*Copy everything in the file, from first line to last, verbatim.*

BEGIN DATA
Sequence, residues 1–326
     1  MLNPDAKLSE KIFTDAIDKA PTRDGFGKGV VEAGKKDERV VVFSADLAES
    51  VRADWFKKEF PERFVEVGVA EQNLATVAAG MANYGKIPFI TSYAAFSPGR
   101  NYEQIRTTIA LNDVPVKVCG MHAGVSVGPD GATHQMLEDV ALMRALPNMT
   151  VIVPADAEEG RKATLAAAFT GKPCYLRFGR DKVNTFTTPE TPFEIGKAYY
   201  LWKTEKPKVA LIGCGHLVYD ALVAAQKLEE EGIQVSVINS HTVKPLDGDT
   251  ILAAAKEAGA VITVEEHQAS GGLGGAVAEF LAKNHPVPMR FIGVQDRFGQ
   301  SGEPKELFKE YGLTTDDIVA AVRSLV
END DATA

Sequence, residues 1–326
     1  MLNPDAKLSE KIFTDAIDKA PTRDGFGKGV VEAGKKDERV VVFSADLAES
    51  VRADWFKKEF PERFVEVGVA EQNLATVAAG MANYGKIPFI TSYAAFSPGR
   101  NYEQIRTTIA LNDVPVKVCG MHAGVSVGPD GATHQMLEDV ALMRALPNMT
   151  VIVPADAEEG RKATLAAAFT GKPCYLRFGR DKVNTFTTPE TPFEIGKAYY
   201  LWKTEKPKVA LIGCGHLVYD ALVAAQKLEE EGIQVSVINS HTVKPLDGDT
   251  ILAAAKEAGA VITVEEHQAS GGLGGAVAEF LAKNHPVPMR FIGVQDRFGQ
   301  SGEPKELFKE YGLTTDDIVA AVRSLV